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The Porcher group investigates the transcriptional, epigenetic and environmental signals specifying the blood stem cell lineage during embryonic development.

Research

The Porcher group investigates the transcriptional, epigenetic and environmental signals specifying the blood stem cell lineage during embryonic development.

Blood cell fate determination initiates in mesodermal endothelial cell progenitors (angioblasts) at gastrulation, long before production of the first blood cells. The early mechanisms instructing a blood fate in mesodermal cells remain poorly understood. We study how the haematopoietic stem cell (HSC) lineage is specified in a subset of angioblasts and how blood-fated cells further develop into blood cells. This knowledge will reveal the molecular basis of cell fate decisions, inform experiments aiming at producing HSCs in vitro from pluripotent stem cells for regenerative medicine purposes, and help explain how these processes, when corrupted, can lead to haematological malignancies (leukaemia) that manifest in early life.

We study angioblasts in vivo in their native environment. We have developed in situ advanced imaging (single molecule RNA FISH) to characterise the anatomical niches supporting the development of blood-fated angioblasts in developing mouse embryos. We use single cell transcriptomic, epigenetic and chromatin organisation assays to identify and functionally define the signals produced by the niche cells, as well as the intrinsic regulators of blood-fated cells and their epigenetic and chromatin landscape. We study the co-operation between transcription factors and chromatin remodelling complexes specifying a blood fate at a mechanistic level (Chagraoui et al. 2018 Nature Communications) and define gene regulatory networks required in niches cells (Li et al. 2019, Nature Communications). We have recently engineered a CRISPR-Cas9 based in vivo dynamic lineage tracing model in mice, based on a system originally established in zebrafish (McKenna et al. Science, 353:aaf7907, 2016). We are using this approach to reconstruct the developmental trajectory of the blood lineage and its developmental relationship with other specialised vascular endothelial lineages.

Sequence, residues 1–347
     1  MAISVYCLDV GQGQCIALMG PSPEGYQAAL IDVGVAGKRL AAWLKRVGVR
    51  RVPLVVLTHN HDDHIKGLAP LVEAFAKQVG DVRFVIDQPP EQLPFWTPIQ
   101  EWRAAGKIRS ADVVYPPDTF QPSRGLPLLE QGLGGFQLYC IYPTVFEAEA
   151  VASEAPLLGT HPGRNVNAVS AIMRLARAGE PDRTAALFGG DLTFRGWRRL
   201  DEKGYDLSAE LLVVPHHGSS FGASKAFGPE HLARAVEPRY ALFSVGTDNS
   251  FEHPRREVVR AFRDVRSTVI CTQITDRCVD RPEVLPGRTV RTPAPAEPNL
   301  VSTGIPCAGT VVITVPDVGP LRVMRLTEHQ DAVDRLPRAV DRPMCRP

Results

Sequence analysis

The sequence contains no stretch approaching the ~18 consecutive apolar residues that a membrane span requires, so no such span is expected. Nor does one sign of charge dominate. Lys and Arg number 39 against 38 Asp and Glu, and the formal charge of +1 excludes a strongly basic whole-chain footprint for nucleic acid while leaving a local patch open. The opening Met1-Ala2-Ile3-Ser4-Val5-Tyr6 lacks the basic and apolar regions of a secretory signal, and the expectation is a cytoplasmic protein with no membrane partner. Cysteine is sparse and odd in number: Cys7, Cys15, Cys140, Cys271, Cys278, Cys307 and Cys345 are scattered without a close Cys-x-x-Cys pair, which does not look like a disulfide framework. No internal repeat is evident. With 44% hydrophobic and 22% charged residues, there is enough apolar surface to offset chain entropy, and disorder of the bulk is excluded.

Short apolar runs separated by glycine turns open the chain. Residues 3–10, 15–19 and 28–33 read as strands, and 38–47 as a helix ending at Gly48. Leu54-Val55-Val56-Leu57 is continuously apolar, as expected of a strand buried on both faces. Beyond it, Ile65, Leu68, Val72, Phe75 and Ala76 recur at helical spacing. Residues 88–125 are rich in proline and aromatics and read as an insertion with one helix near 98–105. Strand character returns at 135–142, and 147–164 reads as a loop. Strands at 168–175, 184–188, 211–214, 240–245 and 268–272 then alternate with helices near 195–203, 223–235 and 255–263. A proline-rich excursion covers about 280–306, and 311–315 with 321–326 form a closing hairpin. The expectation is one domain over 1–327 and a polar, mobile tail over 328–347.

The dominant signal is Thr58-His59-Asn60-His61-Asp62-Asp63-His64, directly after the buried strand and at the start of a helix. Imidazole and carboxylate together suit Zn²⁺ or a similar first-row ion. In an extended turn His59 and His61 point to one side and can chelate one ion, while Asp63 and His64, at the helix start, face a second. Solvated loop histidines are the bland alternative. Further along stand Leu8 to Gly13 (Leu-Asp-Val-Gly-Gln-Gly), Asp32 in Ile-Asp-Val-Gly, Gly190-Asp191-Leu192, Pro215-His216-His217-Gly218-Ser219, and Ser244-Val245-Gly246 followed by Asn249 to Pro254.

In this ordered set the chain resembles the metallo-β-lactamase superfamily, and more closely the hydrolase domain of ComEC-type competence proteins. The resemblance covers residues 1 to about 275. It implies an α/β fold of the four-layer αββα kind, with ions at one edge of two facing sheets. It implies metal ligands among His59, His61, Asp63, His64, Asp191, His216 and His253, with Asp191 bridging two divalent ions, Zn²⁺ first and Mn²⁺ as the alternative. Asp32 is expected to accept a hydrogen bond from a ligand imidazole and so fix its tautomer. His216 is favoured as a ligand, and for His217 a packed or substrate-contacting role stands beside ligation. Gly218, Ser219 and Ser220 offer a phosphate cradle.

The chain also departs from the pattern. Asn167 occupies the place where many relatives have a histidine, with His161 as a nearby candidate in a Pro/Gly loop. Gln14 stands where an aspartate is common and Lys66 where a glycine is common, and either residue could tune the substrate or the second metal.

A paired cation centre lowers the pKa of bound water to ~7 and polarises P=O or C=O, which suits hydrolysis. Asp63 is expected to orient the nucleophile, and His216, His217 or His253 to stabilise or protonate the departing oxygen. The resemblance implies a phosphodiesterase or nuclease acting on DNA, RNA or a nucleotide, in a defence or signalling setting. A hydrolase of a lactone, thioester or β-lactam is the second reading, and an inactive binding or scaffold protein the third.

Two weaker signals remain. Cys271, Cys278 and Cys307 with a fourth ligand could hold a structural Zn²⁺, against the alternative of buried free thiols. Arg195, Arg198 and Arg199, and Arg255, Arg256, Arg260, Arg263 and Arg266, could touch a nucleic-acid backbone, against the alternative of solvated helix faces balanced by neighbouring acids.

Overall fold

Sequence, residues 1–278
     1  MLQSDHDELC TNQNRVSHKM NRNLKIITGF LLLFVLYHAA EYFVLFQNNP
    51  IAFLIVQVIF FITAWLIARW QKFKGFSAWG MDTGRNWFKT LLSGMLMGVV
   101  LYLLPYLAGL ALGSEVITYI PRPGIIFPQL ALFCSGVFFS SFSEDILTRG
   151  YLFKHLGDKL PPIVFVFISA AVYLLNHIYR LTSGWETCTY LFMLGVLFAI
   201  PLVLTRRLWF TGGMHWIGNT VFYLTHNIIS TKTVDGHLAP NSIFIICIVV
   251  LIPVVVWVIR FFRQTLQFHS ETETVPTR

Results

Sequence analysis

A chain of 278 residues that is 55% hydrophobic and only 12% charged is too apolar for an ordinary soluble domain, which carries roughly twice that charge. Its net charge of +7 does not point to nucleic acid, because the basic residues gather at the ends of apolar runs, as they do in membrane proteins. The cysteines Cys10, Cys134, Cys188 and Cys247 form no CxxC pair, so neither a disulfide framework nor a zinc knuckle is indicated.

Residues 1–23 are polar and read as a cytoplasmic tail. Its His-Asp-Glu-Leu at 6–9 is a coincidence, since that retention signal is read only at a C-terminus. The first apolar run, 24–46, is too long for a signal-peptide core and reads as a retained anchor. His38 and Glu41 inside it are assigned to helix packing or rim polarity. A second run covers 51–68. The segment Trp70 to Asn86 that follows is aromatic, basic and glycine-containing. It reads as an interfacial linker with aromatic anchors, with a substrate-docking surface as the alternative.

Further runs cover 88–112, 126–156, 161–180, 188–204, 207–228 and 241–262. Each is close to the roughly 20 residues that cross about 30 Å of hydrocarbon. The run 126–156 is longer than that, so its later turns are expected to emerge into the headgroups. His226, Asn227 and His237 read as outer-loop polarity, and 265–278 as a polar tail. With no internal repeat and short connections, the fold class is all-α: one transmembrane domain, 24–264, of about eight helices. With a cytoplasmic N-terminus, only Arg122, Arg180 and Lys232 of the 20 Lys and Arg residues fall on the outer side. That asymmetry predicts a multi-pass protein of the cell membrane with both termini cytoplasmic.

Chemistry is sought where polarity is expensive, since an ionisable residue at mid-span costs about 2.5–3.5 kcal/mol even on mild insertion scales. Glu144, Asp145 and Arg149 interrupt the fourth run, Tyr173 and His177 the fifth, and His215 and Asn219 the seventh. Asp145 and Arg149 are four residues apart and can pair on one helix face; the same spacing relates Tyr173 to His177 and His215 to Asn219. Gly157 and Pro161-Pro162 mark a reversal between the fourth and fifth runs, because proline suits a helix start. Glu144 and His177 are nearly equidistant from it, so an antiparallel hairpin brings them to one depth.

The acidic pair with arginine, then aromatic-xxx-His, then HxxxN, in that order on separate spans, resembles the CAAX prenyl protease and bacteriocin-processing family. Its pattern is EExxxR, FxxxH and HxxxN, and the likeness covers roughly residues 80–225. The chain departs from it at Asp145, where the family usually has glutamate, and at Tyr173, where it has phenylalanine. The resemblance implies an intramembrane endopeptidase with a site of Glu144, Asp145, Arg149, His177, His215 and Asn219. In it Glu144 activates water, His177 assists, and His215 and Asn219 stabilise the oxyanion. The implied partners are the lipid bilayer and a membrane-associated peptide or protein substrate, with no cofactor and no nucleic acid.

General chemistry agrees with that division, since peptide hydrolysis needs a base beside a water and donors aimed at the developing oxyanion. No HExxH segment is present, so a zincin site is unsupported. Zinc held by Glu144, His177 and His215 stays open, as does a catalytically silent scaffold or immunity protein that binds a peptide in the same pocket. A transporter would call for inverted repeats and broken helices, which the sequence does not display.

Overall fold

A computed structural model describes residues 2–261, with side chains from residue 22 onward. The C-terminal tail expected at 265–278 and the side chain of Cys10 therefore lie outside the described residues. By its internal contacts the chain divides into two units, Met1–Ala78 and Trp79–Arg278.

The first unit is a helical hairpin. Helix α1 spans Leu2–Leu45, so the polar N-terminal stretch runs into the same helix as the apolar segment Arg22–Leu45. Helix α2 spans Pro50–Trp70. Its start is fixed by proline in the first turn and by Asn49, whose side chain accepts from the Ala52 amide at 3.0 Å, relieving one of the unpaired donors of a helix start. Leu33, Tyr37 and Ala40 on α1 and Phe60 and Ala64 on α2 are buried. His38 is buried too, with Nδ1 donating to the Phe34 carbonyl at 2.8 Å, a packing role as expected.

Prospective PhD students with interests in cell fate decisions, transcriptional mechanisms, epigenetic imprinting and chromatin organisation are strongly encouraged to discuss possible PhD projects with Professor Catherine Porcher. These include:

  • Spatio-temporal characterisation of angioblasts and their niches; identification and mechanistic analyses of intrinsic and extrinsic regulators of haematopoietic specification.
  • Investigating the haemato-endothelial developmental trajectory in normal, perturbed or pathological conditions using our mouse lineage tracing system.

Training Opportunities